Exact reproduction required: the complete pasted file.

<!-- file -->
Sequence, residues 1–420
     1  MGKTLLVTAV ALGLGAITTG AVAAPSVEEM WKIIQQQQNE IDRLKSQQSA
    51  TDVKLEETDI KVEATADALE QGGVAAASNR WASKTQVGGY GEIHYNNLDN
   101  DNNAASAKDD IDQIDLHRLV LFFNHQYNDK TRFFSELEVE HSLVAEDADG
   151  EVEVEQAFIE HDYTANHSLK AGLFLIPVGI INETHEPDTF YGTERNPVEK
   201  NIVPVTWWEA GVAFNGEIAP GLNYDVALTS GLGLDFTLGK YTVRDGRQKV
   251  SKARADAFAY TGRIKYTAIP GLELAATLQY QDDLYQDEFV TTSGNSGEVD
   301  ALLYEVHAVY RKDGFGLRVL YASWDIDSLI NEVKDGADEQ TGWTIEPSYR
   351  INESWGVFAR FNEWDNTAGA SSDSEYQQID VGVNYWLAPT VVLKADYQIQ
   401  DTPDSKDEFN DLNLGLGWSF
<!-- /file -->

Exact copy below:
Sequence, residues 1–420
     1  MGKTLLVTAV ALGLGAITTG AVAAPSVEEM WKIIQQQQNE IDRLKSQQSA
    51  TDVKLEETDI KVEATADALE QGGVAAASNR WASKTQVGGY GEIHYNNLDN
   101  DNNAASAKDD IDQIDLHRLV LFFNHQYNDK TRFFSELEVE HSLVAEDADG
   151  EVEVEQAFIE HDYTANHSLK AGLFLIPVGI INETHEPDTF YGTERNPVEK
   201  NIVPVTWWEA GVAFNGEIAP GLNYDVALTS GLGLDFTLGK YTVRDGRQKV
   251  SKARADAFAY TGRIKYTAIP GLELAATLQY QDDLYQDEFV TTSGNSGEVD
   301  ALLYEVHAVY RKDGFGLRVL YASWDIDSLI NEVKDGADEQ TGWTIEPSYR
   351  INESWGVFAR FNEWDNTAGA SSDSEYQQID VGVNYWLAPT VVLKADYQIQ
   401  DTPDSKDEFN DLNLGLGWSF